Manny and the Hall of Fame: Forget it, dude. But what of his legacy?

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Manny Ramirez has the statistical resume of a Hall of Famer. Now, in light of his second drug “issue” — which is being reported as a positive drug test — the viability of his candidacy is probably nil.  It may have been anyway given his 2009 PED suspension, but if there was any doubt about it, this has ended it.  Barring a sea change in the attitude of Hall of Fame voters — remember, these guys won’t vote for someone who they even suspect may have used PEDs –Ramirez will be a one-and-done candidate when his time comes up in a little over five years. Then he’ll be the Veterans’ Committee’s problem someday.

The real question about Manny Ramirez, then, is not whether he’s a Hall of Famer, but what his legacy as a player is beyond the yes/no world of Cooperstown politics.

His accomplishments are outstanding: 555 home runs. 1831 RBI. 2574 hits. A career line of .312/.411/.585. A .937 career postseason OPS and two World Series rings, one of which came with the 2004 Red Sox which, some argue, counts for more than your typical playoff jewelry given the historic nature of it all.

But he is also now and will forever be tainted by his PED suspension and this final, retirement-inducing “issue.”  He was a player of undeniable talent but one who, more than any other Hall of Fame-level performer, had his career correspond with the heightened offensive environment of what is now known as the PED era. He broke in as things went a bit nutty in 1993 and his time as an elite player ended almost exactly when he got caught by baseball’s drug testing program in 2009.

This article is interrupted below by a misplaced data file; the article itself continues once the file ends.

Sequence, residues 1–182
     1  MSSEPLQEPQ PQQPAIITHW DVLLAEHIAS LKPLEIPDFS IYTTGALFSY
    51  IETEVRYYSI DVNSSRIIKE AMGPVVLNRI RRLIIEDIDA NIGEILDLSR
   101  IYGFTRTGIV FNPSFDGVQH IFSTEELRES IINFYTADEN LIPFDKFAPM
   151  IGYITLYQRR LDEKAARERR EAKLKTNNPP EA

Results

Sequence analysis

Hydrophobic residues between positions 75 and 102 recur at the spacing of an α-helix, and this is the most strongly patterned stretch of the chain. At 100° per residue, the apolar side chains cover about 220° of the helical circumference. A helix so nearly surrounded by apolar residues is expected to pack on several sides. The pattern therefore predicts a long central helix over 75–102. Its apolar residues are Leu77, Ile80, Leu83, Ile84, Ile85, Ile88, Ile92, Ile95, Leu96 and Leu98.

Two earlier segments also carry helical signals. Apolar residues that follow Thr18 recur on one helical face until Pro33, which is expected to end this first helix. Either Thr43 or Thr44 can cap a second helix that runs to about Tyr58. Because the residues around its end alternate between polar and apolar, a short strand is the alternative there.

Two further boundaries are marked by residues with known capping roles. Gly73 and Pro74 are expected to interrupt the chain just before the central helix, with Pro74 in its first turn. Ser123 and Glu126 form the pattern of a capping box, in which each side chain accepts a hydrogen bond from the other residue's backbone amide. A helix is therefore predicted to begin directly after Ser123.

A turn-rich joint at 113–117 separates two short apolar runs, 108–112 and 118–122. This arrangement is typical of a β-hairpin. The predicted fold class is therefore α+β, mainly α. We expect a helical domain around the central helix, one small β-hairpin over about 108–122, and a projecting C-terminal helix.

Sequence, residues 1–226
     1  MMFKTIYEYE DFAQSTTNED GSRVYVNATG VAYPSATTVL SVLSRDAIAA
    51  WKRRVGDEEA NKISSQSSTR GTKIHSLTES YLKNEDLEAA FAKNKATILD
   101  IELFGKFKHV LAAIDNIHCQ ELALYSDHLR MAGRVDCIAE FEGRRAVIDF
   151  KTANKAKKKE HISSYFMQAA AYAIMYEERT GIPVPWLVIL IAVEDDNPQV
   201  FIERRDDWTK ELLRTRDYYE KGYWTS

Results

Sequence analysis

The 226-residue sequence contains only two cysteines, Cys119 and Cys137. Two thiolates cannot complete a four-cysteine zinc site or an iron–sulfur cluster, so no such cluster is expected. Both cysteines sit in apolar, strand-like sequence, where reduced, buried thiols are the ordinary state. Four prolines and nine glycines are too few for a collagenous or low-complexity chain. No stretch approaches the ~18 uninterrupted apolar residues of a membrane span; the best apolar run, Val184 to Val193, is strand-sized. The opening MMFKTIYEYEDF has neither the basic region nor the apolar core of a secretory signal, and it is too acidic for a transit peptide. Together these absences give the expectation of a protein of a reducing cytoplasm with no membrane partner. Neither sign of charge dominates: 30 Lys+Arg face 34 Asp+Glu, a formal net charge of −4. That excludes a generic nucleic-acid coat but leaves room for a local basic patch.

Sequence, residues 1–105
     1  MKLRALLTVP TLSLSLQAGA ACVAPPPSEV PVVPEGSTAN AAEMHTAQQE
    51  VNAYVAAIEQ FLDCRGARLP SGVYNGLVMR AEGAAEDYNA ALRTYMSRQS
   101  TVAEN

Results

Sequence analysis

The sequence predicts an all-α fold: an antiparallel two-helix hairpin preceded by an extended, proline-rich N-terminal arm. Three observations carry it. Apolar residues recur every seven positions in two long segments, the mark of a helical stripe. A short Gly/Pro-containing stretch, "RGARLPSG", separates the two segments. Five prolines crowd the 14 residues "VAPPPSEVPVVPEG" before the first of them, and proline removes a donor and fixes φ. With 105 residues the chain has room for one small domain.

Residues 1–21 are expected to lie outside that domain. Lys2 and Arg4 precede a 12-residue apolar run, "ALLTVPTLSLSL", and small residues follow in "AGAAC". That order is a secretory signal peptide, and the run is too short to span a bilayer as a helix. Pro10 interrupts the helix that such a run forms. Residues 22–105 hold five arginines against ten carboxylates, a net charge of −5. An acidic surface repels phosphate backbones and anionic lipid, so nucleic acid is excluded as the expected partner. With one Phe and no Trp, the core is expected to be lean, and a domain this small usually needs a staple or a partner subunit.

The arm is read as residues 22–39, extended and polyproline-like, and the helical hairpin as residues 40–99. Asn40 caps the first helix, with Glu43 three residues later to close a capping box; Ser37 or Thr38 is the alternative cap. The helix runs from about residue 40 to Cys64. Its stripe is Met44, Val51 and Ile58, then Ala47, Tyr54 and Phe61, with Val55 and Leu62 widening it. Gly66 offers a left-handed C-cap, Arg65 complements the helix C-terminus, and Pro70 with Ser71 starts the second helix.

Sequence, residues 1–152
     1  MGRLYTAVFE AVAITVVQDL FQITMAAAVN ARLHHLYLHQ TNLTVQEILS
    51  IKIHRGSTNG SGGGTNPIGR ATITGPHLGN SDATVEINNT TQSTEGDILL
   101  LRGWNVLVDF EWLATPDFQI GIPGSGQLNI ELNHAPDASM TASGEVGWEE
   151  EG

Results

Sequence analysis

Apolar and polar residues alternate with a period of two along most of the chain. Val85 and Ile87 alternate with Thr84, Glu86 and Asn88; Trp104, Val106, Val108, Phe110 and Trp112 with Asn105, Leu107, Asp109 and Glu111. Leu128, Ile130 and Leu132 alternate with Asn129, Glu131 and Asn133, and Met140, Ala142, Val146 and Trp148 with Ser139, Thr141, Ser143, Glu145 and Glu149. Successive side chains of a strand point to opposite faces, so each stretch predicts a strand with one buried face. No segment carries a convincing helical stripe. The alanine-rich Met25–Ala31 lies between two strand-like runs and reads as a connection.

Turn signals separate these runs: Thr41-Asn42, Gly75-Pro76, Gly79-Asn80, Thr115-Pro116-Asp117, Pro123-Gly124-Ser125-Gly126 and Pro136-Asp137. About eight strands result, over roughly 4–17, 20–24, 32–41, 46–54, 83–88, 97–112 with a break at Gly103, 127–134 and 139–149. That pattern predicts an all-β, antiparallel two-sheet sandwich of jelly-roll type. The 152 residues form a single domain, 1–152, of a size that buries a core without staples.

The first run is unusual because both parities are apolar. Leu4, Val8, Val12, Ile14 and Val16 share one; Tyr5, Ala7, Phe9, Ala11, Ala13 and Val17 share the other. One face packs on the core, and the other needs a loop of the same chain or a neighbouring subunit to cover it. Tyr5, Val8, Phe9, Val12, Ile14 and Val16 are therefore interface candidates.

Manny Ramirez will almost certainly be characterized, at least in the short term, as a creation of PEDs.  This conclusion likely won’t explain how he was able to play at an elite level for four years after PED testing came online, and it will overlook the fact that, if his skills were purely the stuff of chemicals, few if any other players were able to do what he did.  I mean really, if one could take drugs to become a baseball player like Manny Ramirez, wouldn’t you expect to see more Manny Ramirezes around?

Time will help us sort that out, one way or the other. Time and perspective. We’ll have a better sense of what to make of Manny Ramirez some day. We have to.  Because God knows we’ve never had a good idea of what to make of him these past 18 years.

Report: Nationals to call up prospect Carter Kieboom

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Jesse Dougherty of the Washington Post reports that the Nationals will promote middle infield prospect Carter Kieboom to the majors ahead of Friday’s game against the Padres. The Nationals are currently dealing with injuries to shortstop Trea Turner and third baseman Anthony Rendon, so the club hopes Kieboom can help the team tread water at the very least.

Kieboom, 21, was selected by the Nationals in the first round (28th overall) in the 2016 draft. MLB Pipeline currently rates him No. 2 in the Nationals’ system and No. 37 overall. Kieboom has played both second base and shortstop this season after exclusively playing shortstop previously in his professional career.

With Triple-A Fresno to start the 2019 season, Kieboom hit .379/.506/.636 with three homers, 18 RBI, and 14 runs scored in 83 plate appearances.